Leaving the EU

So the UK has voted to leave the EU. It remains to be seen what this means for the economy, both local and national. A drop in the value of the pound will mean imported materials will go up in price, but a UK-wide slow-down in the economy might mean that labour costs go down to even out the balance. Will the Euro also drop in value, against non-EU currencies? Will there be a rush for immigration or emigration? House prices may be affected, and interest rates may rise, throwing debt-equity calculations into a spin for a while. Business plans will need to be reviewed in every business in the country, whether exporting, importing or not.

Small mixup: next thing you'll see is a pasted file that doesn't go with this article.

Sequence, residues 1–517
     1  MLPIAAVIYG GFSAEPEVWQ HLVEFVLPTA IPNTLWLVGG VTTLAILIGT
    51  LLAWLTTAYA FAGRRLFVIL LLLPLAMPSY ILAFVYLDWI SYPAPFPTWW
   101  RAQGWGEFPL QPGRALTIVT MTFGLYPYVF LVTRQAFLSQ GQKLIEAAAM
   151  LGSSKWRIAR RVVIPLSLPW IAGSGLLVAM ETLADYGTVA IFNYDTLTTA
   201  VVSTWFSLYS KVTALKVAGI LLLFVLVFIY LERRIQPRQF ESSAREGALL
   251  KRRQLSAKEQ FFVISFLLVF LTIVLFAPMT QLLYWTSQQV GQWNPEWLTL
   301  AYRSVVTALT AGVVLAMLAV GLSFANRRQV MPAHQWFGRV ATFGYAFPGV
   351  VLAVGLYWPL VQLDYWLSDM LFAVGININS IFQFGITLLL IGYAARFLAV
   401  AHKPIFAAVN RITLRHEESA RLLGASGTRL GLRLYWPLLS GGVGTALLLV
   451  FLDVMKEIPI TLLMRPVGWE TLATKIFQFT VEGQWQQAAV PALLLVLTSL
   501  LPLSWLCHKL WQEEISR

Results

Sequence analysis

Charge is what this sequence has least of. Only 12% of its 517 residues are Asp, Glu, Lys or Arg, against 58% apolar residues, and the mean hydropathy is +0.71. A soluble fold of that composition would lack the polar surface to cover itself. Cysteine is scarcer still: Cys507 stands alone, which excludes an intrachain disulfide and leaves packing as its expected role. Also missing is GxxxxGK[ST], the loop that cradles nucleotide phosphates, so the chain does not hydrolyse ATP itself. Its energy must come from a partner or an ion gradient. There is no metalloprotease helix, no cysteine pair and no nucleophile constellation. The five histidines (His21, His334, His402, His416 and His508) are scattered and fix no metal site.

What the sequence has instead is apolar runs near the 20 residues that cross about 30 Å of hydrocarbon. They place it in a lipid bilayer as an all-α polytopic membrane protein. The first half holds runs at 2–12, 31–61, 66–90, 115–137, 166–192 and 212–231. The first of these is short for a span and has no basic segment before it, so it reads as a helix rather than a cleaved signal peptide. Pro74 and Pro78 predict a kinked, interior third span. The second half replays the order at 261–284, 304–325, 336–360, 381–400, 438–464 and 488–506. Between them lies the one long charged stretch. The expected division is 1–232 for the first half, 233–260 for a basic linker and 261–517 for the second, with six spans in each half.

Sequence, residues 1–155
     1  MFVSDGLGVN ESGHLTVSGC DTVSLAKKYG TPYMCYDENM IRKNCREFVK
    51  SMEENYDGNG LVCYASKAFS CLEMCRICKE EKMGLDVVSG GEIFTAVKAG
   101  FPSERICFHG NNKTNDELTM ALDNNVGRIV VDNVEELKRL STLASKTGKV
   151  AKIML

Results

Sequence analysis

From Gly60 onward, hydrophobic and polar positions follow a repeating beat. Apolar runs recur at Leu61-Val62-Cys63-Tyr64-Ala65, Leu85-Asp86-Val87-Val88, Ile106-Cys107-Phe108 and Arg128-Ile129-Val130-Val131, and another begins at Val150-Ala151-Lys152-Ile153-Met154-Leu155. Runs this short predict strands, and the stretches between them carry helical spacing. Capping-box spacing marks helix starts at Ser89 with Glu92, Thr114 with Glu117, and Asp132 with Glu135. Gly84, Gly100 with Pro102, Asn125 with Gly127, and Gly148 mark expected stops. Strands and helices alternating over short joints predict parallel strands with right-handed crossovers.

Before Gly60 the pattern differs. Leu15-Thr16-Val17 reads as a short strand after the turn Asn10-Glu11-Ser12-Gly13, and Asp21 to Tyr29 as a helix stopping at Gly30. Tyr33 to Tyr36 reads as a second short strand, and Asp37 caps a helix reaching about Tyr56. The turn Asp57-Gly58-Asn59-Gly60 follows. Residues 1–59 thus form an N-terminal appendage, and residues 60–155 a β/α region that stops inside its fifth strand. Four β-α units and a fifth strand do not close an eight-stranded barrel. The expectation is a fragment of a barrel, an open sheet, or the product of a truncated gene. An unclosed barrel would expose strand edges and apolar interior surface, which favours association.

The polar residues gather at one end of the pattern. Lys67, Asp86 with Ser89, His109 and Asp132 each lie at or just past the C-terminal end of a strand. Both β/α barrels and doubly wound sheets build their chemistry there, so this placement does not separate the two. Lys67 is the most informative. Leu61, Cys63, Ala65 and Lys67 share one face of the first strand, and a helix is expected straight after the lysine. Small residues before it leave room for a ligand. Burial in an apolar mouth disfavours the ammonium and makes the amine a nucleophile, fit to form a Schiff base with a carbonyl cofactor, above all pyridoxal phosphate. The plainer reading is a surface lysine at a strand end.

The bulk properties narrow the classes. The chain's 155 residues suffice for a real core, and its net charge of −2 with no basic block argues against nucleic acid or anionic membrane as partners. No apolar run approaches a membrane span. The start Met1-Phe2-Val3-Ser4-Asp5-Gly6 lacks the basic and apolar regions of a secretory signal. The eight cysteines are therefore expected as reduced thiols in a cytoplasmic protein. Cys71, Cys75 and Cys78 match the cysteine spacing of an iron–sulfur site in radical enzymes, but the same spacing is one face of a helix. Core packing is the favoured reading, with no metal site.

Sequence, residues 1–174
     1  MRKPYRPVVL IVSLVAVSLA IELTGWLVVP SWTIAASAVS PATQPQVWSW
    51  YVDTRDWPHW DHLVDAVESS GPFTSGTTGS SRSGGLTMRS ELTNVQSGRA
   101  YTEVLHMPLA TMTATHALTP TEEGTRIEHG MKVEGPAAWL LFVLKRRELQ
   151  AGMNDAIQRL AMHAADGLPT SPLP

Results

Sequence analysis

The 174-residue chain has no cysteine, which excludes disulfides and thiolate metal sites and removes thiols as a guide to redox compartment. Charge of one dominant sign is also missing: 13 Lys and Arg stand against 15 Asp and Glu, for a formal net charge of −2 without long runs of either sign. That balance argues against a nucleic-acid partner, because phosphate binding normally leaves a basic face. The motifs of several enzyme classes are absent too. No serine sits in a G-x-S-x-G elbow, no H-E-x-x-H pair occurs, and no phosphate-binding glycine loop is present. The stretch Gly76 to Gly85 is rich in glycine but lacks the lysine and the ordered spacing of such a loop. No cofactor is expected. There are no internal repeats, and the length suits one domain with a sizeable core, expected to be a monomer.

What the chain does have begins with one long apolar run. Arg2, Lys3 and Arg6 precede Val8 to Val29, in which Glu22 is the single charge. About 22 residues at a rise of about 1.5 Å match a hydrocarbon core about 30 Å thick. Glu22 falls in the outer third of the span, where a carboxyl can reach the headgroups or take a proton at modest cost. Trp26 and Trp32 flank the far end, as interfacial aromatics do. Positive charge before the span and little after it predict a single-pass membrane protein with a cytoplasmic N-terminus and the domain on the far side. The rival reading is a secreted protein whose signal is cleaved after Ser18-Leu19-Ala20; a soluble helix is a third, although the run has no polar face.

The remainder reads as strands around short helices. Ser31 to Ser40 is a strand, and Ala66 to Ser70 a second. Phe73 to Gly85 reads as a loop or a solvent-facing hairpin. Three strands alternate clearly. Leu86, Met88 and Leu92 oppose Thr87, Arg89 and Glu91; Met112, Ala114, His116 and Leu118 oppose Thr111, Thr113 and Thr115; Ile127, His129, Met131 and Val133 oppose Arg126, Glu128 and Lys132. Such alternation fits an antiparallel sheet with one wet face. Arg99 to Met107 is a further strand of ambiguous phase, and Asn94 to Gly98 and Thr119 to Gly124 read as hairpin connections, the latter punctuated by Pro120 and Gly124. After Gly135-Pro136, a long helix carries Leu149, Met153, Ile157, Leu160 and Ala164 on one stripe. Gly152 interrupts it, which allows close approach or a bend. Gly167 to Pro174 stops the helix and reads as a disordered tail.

Will exiting the EU lead to a reduction in red-tape, or just a change from where the red tape comes?

There are sure to be calls for another Scottish referendum on independence. What might that mean for Scotland’s economy?

We’re in uncharted waters and whichever way we look at it, uncertainty lies. If there’s on thing that investors don’t like it is uncertainty so whatever happens, let’s hope it all settles down quickly.
Democracy has had its way and we’re all stuck with the result so let’s hope the promised prosperity outside the EU isn’t just a mirage!